$0 – $30

Multiple Dates

Fort Nisqually General Admission

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$0 – $30
Event description
Visit the Puget Sound's first globally connected settlement today!

About this event

Fort Nisqually Living History Museum is excited to welcome our community back. We have missed you! For the health and safety of our guests, staff and volunteers, we have made significant changes to our Fort experiences.

• Limiting the number of guests onsite at any time (online ticketing for all guests)

• Ensuring social distancing and minimizing person-to-person contact (credit cards only)

• Face covering required (over 5 years old)

• Adopting stricter cleaning and sanitizing protocols (focus on high-touch surfaces, sanitizing stations)

• Following all public health guidelines (staff training)

• Reduced capacity to indoor spaces and high-touch, interactive experiences

Please help us by doing your part to keep everyone safe and healthy. Thank you for your continued support of this public institution and we look forward to seeing you soon.

Fort Nisqually, the first globally connected settlement on the Puget Sound, was established in 1833 by the Hudson’s Bay Company as a fur trading outpost. The decline of the fur trade meant that Fort Nisqually’s focus shifted to commercial agricultural enterprises with the establishment of the Puget Sound Agricultural Company (PSAC) in 1839. Based at Fort Nisqually, the PSAC raised cattle, sheep, and horses along with crops such as wheat, barley, oats, and peas across the 160,000 acres claimed by the company. By 1855, the date the museum portrays, this British establishment was surrounded by American territory and faced increasing pressure from settlers who wanted the farmable land for their own use. The Hudson’s Bay Company sold its holdings to the United States government, withdrawing from Washington Territory in 1869, and Fort Nisqually became the homestead of the last manager, Edward Huggins.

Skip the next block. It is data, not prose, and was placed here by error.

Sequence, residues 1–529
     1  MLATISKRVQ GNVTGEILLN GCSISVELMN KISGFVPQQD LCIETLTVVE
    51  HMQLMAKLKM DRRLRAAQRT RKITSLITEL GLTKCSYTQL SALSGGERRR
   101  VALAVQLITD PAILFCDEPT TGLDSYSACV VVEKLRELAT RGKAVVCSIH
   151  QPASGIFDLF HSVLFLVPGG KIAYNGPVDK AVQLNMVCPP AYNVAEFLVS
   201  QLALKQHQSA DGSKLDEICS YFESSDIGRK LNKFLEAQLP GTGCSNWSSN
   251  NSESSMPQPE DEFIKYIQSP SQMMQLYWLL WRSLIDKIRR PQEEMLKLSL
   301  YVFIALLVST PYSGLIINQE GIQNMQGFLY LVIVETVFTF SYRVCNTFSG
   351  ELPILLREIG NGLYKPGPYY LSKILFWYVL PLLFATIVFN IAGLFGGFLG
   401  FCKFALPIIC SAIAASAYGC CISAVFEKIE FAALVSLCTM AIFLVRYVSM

Fort Nisqually was originally located in what is now DuPont, WA. The Fort you see today was reconstructed in the 1930s by the Works Progress Administration (WPA). Civic-minded citizens preserved and donated two of the original structures, the Factor’s House and Granary, to the Metropolitan Park District of Tacoma. The museum gives residents and visitors a chance to experience what life was like on Puget Sound in 1855.

Fort Nisqually Living History Museum’s Mission: Engage a diverse regional audience with Puget Sound’s first globally connected settlement through historic preservation, experiential learning, and interpretation.

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